Gene editing probably won’t make the next Spiderman, but it’s possible that the world’s first gene-edited babies have been born. He Jiankui, a Chinese scientist, shocked the world and its ethical sensibilities by revealing last week that he used CRISPR to lower two twin girls’ risk of HIV infection. And a third baby is on the way. Less HIV is certainly something we can all get behind, especially when World AIDS Day was last week. But CRISPR is still brand-spanking new, and scientists are questioning the medical appropriateness of this use of gene editing when the consequences aren’t super well understood and possibly catastrophic. Even a CRISPR co-founder is calling for a moratorium on live-embryo testing. Is this a breakthrough like the first IVF birth, or a slippery slope? From Nature: six questions that remain.
Do you consider not disclosing corporate ties in academic research to be a serious ethical problem?
The well-known oncology researcher José Baselga has resigned his position as Chief Medical Officer at Memorial Sloan Kettering after an NYT/ProPublica investigation showed he failed to disclose millions in payments from pharma and healthcare companies in dozens of his research articles. The payments themselves aren’t at issue, it’s the fact that he didn’t make his ties explicitly known. Which is kinda funny since those financial reporting rules were set by the American Association for Cancer Research while he was president of the group. Critics say Baselga’s fall illustrates the bigger problem of the revolving door between academic research and industry, as well as a general laziness towards enforcing ethical standards from the academic community. Expect a rush of researchers who ‘forgot’ to include their financial ties in previous papers to quietly go add those in.
Not being concerned with pesky ethics concerns, China is pulling ahead in applying genetic editing technology towards therapeutic uses. Not content with being the first to edit monkeys, non-viable embryos, or sticking the first edited cells into a live human, a recent study showed Chinese researchers were able to fix a disease-causing mutation in viable embryos. They used base editing, which is slightly different from Crispr editing (easy-to-digest visual here), to replace the gene which causes Marfan Syndrome. The disease is typically incurable, so there’s obviously some appeal for pushing science’s boundaries for such positive results. Attitudes towards embryo editing may be changing in western nations, but don’t expect base editing to be used therapeutically for some time still.
The first case concerning the recent Right to Try legislation has come along and it involves Matt Bellina, one of the patients who pushed to pass the legislation in the first place. Before diving in this writer just wants to say—damn this guy is really a fighter. He’s not only a veteran battling ALS, but he also got legislation passed in freaking Congress, which isn’t easy. His case involves a cell therapy being developed by BrainStorm Cell Therapeutics, a biotech with no currently marketable treatments. It’s planning on addressing Right to Try applicants in a semicommercial model that they say won’t exploit patients. But since the company is pre-revenue there’s some big ethics concerns about how to charge vulnerable patients for the expensive treatments, which the law may not address.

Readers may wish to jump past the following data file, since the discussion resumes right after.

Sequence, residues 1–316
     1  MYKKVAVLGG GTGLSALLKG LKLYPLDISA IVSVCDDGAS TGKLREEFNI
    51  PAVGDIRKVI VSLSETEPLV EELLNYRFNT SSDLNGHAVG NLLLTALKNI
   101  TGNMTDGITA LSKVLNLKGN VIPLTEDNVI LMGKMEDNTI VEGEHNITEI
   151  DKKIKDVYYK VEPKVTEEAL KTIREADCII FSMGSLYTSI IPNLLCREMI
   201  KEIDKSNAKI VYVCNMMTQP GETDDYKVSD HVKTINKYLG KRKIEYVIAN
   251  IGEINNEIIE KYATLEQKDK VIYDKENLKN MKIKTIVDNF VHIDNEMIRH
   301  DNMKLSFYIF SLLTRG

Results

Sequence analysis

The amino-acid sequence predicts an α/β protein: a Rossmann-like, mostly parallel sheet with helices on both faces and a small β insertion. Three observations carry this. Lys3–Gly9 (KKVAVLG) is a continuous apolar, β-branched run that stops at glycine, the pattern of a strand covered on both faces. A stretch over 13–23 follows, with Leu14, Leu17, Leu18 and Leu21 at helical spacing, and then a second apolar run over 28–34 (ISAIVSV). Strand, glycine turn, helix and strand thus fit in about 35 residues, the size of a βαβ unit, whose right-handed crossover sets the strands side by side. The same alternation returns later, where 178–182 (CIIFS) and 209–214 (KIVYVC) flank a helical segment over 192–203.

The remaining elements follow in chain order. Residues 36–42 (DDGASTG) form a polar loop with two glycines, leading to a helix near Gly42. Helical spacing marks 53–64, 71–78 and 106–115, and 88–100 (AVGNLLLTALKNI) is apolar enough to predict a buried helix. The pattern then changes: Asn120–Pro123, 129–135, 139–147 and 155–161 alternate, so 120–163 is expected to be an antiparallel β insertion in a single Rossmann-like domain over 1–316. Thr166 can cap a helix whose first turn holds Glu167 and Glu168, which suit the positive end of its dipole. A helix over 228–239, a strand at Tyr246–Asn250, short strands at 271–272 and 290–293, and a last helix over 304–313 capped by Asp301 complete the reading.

Now we’re not going to begrudge anyone at the end of their rope looking for anything that can help, but we do have some strong opinions on the subject. Listen to our recent discussion on Right to Try here in our second InsightCity podcast.
The Moderate Alcohol and Cardiovascular Health Trial (MACH15) was designed to observe the effects of moderate drinking versus being a nerd responsibly abstaining. But the National Institutes of Health has shut down the study after compromising contacts between scientists and alcohol industry executives were exposed by The New York Times. The NIH conducted its own internal investigation of the claims that scientists had courted these executives to fund the study through a nonprofit—which itself is a violation of government policy. The investigation found staffers “hid facts” from team members, apparently to frame the study in a pro-alcohol light. Talk about beer goggles. Score one for ethics in research at least.
Big topic for a short article but here’s the skinny… you receive a scan for some legitimate reason in the course of receiving health care. Scientists and companies use your images—stripped of all personally identifying information—in the development of artificial intelligence that is able to diagnose disease. These people and companies make gobs and gobs of money. Are you owed compensation because their commercial product could not have been developed without using “your” scans? This is somewhat different—it could be argued—than the famous case of Henrietta Lacks, whose live cells were used and commercialized. (By the way, she also got no money.) These are just scans. Ones and zeros, right? Here is a more complete report from NPR, with modern-day cases. Let InsightCity know what you think in this week’s FastPoll™.